2014 Governor: Hawaii

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2014 Governor: Hawaii

#26

Post by Whatever4 » Mon Aug 11, 2014 12:55 pm

I take it his name is pronounced "Aye-gay," yesno? Not "Ayje". Help me with this one, I like to pronounce people's names correctly.Ee-GayE-rak, E-ran, says Christiane Amanpour. E-gor says Dr. Frankenstein. It's a thing.
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#27

Post by bob » Mon Aug 11, 2014 1:34 pm

Ob. WND: [/break1]wnd.com/2014/08/major-player-in-obama-eligibility-booted-from-office/#PvJXQjTd7XqU2ry1.99]Hawaii governor booted from office:


Obama urged voters to re-elect key Democrat





In an election-year stunner, Gov. Neil Abercrombie of Hawaii was ousted from office Saturday by state Sen. David Ige, who crushed the incumbent in the Democratic primary, despite a last-minute push for Abercrombie by President Barack Obama.





[...]





As WND reported, Abercrombie came to national fame at the height of the controversy over Obama’s eligibility to be president, when he suggested a long-form, hospital-generated birth certificate for Barack Obama may not exist within the vital records maintained by the Hawaii Department of Health.
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#28

Post by Sterngard Friegen » Mon Aug 11, 2014 1:50 pm

. . . at the height of the controversy over Obama’s eligibility to be president . . .WND flatters itself. There has never been any "controversy." Just a bunch of nutz bullshitting about it and a few crappy lawyers and loony pro se filers instituting frivolous lawsuits about it.

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#29

Post by Lani » Tue Aug 12, 2014 5:19 am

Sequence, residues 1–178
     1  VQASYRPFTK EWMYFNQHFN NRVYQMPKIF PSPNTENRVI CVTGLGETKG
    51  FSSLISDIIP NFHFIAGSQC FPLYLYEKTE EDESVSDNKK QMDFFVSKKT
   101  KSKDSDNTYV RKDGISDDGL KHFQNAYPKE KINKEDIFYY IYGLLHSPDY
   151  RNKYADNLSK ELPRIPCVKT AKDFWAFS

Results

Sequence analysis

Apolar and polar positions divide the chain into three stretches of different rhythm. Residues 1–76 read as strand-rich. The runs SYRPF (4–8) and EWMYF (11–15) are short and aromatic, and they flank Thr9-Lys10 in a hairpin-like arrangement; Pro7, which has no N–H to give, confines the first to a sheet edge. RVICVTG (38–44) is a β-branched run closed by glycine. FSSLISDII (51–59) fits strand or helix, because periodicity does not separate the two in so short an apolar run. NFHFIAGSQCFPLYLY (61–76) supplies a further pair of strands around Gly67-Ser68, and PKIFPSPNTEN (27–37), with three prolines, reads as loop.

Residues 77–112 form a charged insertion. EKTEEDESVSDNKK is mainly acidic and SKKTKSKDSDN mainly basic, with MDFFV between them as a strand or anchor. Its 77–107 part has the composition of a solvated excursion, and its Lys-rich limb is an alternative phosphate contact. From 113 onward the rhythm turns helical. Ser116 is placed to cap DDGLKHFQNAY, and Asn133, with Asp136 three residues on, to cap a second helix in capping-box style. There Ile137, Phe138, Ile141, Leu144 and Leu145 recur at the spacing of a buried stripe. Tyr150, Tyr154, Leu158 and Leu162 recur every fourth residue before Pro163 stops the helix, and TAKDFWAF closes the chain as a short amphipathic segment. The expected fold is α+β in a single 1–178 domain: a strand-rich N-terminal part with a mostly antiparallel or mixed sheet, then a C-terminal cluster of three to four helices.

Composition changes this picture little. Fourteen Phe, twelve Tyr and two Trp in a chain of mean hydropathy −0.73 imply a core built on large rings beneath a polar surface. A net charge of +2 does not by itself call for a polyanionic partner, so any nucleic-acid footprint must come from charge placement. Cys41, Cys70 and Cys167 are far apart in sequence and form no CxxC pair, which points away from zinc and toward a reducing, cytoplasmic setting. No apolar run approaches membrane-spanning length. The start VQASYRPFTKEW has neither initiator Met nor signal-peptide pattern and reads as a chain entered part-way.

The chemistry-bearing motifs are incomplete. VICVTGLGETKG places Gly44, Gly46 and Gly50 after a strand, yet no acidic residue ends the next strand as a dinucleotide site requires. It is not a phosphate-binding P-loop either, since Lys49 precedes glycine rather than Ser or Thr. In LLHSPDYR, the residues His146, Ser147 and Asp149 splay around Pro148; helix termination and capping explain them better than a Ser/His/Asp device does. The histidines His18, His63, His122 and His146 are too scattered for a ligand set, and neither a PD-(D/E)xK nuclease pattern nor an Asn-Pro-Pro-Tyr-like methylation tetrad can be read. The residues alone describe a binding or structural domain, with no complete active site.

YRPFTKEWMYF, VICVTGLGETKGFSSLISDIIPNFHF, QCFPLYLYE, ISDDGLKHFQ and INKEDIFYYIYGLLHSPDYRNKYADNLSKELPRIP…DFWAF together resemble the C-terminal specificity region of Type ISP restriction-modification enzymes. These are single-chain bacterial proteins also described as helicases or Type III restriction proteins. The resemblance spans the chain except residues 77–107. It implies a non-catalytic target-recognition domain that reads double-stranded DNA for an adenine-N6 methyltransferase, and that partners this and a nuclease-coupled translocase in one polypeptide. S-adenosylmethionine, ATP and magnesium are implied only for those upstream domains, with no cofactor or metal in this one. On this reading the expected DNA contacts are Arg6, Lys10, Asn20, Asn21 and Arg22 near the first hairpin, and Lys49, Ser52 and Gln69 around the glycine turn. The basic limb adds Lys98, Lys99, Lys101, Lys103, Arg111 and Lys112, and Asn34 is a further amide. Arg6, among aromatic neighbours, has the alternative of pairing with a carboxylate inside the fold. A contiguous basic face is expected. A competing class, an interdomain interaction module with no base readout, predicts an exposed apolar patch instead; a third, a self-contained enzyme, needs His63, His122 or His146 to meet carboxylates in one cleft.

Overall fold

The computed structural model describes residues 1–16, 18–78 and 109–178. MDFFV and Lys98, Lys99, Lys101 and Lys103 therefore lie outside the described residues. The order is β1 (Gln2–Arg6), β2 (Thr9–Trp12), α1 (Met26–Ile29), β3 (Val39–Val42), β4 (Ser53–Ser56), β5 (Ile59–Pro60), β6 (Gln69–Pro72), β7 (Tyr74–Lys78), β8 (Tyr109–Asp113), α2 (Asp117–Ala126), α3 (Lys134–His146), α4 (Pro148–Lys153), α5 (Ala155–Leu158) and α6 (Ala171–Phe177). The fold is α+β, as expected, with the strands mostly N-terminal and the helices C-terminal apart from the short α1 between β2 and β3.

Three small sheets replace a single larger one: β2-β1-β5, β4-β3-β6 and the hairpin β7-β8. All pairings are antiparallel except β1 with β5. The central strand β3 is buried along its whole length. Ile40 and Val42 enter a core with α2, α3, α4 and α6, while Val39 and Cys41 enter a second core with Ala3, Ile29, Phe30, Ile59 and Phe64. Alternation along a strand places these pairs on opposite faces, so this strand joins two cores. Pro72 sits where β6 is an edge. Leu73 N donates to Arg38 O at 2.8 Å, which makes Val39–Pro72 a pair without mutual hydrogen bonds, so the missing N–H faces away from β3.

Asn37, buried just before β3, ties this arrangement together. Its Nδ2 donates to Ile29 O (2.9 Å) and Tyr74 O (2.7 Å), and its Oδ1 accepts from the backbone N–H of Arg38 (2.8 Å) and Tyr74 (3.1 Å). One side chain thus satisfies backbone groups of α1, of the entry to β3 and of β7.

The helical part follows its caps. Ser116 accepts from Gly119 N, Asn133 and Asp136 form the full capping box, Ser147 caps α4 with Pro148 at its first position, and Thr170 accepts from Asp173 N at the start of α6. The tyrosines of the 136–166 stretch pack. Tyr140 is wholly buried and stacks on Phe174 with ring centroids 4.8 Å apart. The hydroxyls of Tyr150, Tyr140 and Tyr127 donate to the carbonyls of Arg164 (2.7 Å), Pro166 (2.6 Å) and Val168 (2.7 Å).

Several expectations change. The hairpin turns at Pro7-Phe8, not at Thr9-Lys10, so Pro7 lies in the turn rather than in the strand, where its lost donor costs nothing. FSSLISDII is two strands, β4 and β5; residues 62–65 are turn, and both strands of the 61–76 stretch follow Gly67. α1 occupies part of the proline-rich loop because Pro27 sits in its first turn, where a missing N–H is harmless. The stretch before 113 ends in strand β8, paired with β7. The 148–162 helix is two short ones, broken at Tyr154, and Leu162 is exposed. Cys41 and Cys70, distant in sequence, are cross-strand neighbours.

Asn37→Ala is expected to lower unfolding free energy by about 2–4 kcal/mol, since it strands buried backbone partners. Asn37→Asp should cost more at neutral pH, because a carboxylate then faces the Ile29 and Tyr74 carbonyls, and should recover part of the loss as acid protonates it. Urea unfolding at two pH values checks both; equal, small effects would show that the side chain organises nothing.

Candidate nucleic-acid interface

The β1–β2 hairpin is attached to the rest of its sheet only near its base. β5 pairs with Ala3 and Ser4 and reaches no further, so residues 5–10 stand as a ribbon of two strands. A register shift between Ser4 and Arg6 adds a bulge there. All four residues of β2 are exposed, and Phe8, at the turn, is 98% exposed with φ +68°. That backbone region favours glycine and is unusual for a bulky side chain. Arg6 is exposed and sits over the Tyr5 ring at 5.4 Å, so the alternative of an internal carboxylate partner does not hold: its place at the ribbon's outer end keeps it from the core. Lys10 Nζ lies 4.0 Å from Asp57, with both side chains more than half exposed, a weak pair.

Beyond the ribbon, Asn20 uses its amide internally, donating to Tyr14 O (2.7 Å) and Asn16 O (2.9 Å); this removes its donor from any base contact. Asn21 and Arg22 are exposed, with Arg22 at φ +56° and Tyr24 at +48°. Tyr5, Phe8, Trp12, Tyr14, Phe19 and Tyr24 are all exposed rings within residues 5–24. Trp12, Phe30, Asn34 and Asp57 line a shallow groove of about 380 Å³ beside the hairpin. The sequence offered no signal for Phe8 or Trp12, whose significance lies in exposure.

I will stick strictly to the electoral aspects of this: this was a great development nationally for Democrats. Abercrombie, through little fault of his own, was chronically unpopular among some Democrats and it put the governorship at serious risk this November due to Mufi's 3rd-party run. I believe with Ige winning the primary (and winning it decisively) there is still plenty of time for the Democrats to unify to a degree where Mufi can't play spoiler and the Dems can retain the governorship.That would be a huge benefit because Hawaii had inexplicably become one of the very few pickup opportunities for the GOP this year alongside Connecticut and Arkansas. If Ige can win this race for us then we have a very strong shot of posting a net gain in the governorships in November with wins in Pennsylvania, Maine, and probably either Michigan, Florida, Wisconsin, or Kansas.Mahalo, SPen. That does clarify the situation.The state is going through a change. The older power brokers are passing on. Senator Inouye and others came back from WWII and forced Hawaii to be open to unions, equality and multiculturalism. They brought much needed federal money to a new state severely lacking in infrastructure. They had an iron grip on state politics, and that is changing. That's why Hanabusa will probably lose her Senate run despite being the chosen one by Inouye. Her likely replacement in the US House is a younger man, Mark Takai, who is not part of the old system. If the public sector unions rule, how did Gov Abercrombie manage to beat down the union contracts? And if they negotiated benefits in good faith with management, why should they agree to give them up after the fact? I hear the same kind of talk in Oregon where some folks want to find the unions guilty of something, find a way to abrogate their contracts when in fact they have done no wrong and the economic condition of the state is not due to union calumny, bad faith or excessive demands, (IMO). Look, we have a Dem governor (actually the last couple-three -- the first one is back) who have acted in a way that has cost me a good deal of my pension benefits and of other state workers. The union has agreed to some of it in lieu of worse outcomes but the Gov's talk a good game until the political pressure gets put on 'em and then it's "sorry, workers". Thus far, we've reelected the Governor(s) anyway given the alternative but this has not taught Dems anything good about breaking faith/contracts with public workers. And sister, I don't see anybody in the long run benefiting from breaking the contract, breaking faith, breaking trust with any group of workers, public or private sector.Mahalo, Plutodog! I was hired for a government position in 2010 and damn happy to get it! But no one told me about the extra costs. I nearly burst into tears when I received the first paycheck. First of all, we had furlough Fridays - shut down every other Friday, but still expected to get the work done. And at a 10% pay reduction, sadly not mentioned during my interview. We also pay 50% (for a time 60%) of our health insurance premiums, which are 100% paid in private businesses. We pay into our retirement accounts in addition to Social Security. The benefits might be better later, but paycheck to paycheck life is difficult.I don't know how it is at the state level, but at the county level we are expected to be of service and show our gratitude for our jobs. We are constantly expected to fund raise for community needs. Here's how my next two weeks shape up. Friday is a holiday - state admission day. I'll spent at least 5 hours transporting items and setting up a major rummage sale for the Alzheimer's Association. I'll get up at 5:30am on Saturday to be at the sale by 7am. It will end at noon, and then I will help clean and cart away everything until about 3pm. I'll have Sunday off. Whew! The following Saturday, rinse repeat as I get up by 5:30am and show up for the Alzheimer's walk by 7am. I'll have Sunday off. There are more charities coming up after that. There always are. And we are expected to support them.Pay is lower in the public service sector. If one gets a job early on and survives for a long time, then yes the pay and retirement benefits may be higher. But few college grads can afford to take those entrance jobs and pay their student loans. And the old step increases, etc., have vanished. There is nothing magical about a public service position any more.